BOSTON -- Marcus Morris was dressed and ready to leave the Celtics locker room when he checked with a member of the team’s media relations staff to see if anyone had requested an interview with him. 

Initially, the answer was no, but like most of this season when it comes to Morris, things changed quickly. 

Like his role on this team, one that has gone from uncertainty to becoming undeniably important to Boston’s surge towards the Eastern Conference mountaintop. 

And in the 135-108 win over Indiana, Morris delivered yet another gem by leading all Celtics with 22 points on a head-scratching 6-for-8 shooting night. 

It’s getting to the point where Morris’ impressive performances aren’t so impressive anymore but rather a given, based on how he has performed all season. 

“He’s been in a good rhythm all year,” said Celtics coach Brad Stevens. “He’s the one we’ve talked about, right from the get-go was very comfortable with what he was going to do best and how it was going to fit in with us, whether he was starting or coming off the bench. A lot of other guys found their way but he’s been consistent with that.”

Morris has been having a career-best season as well, with career highs in scoring (15.4) and rebounds (5.9) in addition to shooting from the field (50 percent), 3-point range (44.6 percent) and the free throw line (88.2 percent)

And his offensive rating as a starter is 120.2, which leads all NBA players with at least 15 starts this season (side note: Marcus Smart is fourth on that list with an offensive rating of 117.2).


Not bad for a guy without a role at the start of the season. 

Celtics guard Kyrie Irving said the key to Morris’ emergence has been the fact that he’s out there playing instead of on the sideline nursing an injury. 

“He’s healthy,” Irving said. “You really get to see what he adds in terms of his dynamic of being a four-man (power forward). Most of the time he has mismatches; he’s a three-man [small forward] playing the four. Most four-men can’t stay in front of him. Most of the game, it’s a mismatch.”

Morris’ ability to recognize those mismatches and his teammates’ willingness to get him the ball in those situations has been a tremendous boost for the Celtics, as well as Morris’ confidence which has always been high when it comes to his ability to play.

The difference now?

He’s getting the playing time to prove it on a night-in, night-out basis.

And playing time was far from a given prior to the start of training camp.

Gordon Hayward was coming back into the fold after missing all but the first five minutes of last season due to a left ankle/leg injury. Jayson Tatum had emerged as a star-on-the-rise as a rookie and would certainly be positioned for bigger and better things this season. And then there was Jaylen Brown, the team’s No. 2 scorer a year ago who, like Tatum, seemed poised to take his game to another level. 

Morris remembers seeing something on social media asking whether there would be enough space for Morris.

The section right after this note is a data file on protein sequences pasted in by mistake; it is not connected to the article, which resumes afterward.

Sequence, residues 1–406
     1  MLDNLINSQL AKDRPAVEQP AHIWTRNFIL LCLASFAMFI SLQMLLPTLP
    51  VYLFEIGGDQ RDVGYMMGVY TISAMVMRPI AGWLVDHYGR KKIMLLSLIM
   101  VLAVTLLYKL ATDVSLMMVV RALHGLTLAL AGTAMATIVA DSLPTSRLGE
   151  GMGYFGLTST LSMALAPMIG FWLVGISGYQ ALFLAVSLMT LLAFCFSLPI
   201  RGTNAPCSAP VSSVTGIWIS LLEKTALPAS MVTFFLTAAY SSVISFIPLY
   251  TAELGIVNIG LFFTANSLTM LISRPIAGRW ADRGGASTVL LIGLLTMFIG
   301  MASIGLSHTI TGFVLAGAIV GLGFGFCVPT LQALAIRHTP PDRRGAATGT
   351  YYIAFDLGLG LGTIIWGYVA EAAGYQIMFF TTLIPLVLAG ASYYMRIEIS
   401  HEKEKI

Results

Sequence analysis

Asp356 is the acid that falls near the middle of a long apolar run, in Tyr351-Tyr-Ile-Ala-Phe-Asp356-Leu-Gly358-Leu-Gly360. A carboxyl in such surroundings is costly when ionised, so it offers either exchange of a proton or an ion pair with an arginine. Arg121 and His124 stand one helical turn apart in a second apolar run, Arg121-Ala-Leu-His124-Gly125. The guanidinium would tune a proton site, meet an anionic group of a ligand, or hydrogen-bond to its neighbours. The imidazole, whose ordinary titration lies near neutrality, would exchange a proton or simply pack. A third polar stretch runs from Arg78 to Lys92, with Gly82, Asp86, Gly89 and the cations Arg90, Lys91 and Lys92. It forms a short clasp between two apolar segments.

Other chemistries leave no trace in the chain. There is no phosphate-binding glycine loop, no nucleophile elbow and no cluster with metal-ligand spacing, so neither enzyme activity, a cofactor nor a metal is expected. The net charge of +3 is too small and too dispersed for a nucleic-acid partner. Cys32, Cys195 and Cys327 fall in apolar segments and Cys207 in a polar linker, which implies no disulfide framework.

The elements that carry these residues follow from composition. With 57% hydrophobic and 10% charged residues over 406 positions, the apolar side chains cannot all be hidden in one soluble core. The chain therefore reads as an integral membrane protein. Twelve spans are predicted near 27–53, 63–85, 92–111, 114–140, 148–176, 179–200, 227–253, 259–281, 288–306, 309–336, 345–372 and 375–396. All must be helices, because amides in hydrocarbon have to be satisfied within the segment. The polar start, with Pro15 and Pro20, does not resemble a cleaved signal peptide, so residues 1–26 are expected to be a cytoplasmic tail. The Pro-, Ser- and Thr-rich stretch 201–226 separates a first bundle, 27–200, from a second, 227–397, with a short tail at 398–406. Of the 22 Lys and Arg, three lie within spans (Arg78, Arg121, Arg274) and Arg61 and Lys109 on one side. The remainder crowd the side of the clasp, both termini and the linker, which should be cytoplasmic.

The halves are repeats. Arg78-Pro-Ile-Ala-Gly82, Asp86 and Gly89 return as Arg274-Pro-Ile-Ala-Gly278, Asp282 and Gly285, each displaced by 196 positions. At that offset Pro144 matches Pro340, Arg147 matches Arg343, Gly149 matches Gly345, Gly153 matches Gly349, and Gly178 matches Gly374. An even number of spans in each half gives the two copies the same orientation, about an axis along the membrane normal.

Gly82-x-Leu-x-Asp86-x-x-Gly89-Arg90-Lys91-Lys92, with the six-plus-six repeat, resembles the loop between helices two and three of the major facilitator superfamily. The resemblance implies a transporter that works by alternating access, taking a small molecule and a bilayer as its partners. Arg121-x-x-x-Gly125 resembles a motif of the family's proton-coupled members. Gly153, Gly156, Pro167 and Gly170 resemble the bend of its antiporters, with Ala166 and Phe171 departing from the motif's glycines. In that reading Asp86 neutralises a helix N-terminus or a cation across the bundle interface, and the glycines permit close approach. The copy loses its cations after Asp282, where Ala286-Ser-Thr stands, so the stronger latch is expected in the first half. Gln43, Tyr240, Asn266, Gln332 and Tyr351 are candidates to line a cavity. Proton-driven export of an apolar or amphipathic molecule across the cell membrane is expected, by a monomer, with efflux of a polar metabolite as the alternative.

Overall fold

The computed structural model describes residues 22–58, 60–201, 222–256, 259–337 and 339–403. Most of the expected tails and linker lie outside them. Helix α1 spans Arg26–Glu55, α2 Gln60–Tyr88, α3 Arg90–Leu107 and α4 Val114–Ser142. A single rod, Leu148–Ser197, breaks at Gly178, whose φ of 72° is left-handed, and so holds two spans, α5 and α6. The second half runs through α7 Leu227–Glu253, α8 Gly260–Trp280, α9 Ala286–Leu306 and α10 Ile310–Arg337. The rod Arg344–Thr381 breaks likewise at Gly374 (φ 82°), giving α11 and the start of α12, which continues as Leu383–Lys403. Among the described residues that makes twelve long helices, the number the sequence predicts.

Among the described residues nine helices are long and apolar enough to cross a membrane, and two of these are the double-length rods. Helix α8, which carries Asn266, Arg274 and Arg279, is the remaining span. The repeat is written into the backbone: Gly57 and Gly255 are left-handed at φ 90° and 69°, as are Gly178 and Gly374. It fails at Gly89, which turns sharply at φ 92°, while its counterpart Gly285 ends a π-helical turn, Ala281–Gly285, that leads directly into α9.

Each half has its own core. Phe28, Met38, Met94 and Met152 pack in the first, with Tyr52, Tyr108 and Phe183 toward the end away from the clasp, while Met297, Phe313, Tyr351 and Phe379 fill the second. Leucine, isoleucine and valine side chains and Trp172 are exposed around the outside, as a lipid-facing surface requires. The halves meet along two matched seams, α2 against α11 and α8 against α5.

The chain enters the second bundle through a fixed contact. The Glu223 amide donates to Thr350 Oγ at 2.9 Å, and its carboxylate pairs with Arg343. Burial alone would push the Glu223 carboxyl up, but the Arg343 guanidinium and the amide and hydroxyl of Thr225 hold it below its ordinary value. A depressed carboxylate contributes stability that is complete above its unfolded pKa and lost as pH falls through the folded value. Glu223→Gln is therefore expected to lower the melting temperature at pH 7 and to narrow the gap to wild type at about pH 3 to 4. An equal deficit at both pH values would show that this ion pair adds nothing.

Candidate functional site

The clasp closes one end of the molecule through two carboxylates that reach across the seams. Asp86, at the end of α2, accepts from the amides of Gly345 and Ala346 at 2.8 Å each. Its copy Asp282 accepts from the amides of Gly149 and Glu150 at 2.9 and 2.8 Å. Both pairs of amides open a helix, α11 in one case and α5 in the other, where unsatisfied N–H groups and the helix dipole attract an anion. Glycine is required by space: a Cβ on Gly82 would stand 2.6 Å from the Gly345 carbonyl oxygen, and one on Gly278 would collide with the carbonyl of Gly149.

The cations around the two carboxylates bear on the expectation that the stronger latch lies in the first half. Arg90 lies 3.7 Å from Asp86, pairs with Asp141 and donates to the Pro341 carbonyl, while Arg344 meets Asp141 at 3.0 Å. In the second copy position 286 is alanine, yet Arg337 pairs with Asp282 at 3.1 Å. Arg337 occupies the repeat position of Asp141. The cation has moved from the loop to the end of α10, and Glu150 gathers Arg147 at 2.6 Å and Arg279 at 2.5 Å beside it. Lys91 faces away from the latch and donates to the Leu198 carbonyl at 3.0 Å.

“There’s always space for a dog,” Morris told NBC Sports Boston. “I’m a dog; I’ll figure it out; I always do.”

In the offseason, Morris said his workouts were centered around three important factors that he believed would determine whether he saw playing time or not. 

This would allow him to do a better job of exploiting mismatches offensively. When defended by a smaller player, he could use his strength and bully-ball him. When the defender is bigger he relies on using his dribble to create space or mix in a dribble-drive to the basket.

He knows how important the 3-point shot is to a Stevens-coached team, so there was a lot of time spent working on his 3-point shot from various spots to strengthen up where he felt most comfortable behind the arc. And the result has been Morris making a career-best 44.6 percent of his 3’s this season. 

Morris says he isn’t where he would want to be defensively, but his strong play offensively has left him with a plus/minus of +9.5. which is fourth on the team among players logging at least 15 minutes per game. 


Indeed, Morris’ strong play has been critical to the performances of several Celtics this season.

Morris’ timing for a breakout season could not be any better, with him becoming an unrestricted free agent this summer. 

He has delivered the kind of play this season that all but assures him of a major payday come July. 

But he’s a competitor; a competitor who hasn’t been in a situation like the one he's in Boston for as long as he has been in the NBA. 

Teams he played for in the past were hopeful to maybe, just maybe, squeak into the playoffs. 

In Boston, the focus has been on steady improvement towards winning a championship. 

“That’s all I care about; winning,” Morris said. “That other stuff, the big-money contract, being in the conversation for All-Star, none of that happens if you’re not winning. So for me, that’s what all this is about, keeping finding ways to win.”

Irving understands all too well what that journey looks like. 

Before LeBron James came on the scene for a second tour of duty in Cleveland, the Cavs were one of the league’s worst teams with Irving as their leader. 

So having that in common, along with being in the same draft class (Irving went No. 1 overall in 2011 while Morris was selected 13 picks later) have helped strengthen the bond that exists between arguably Boston’s two most consistent players this season. 

“We came in at the same time,” Irving said of their arrival in Boston. “We have an understanding of where our journeys started and where it is now and an appreciation of where we are now; just want to take full advantage of it and finish it.”

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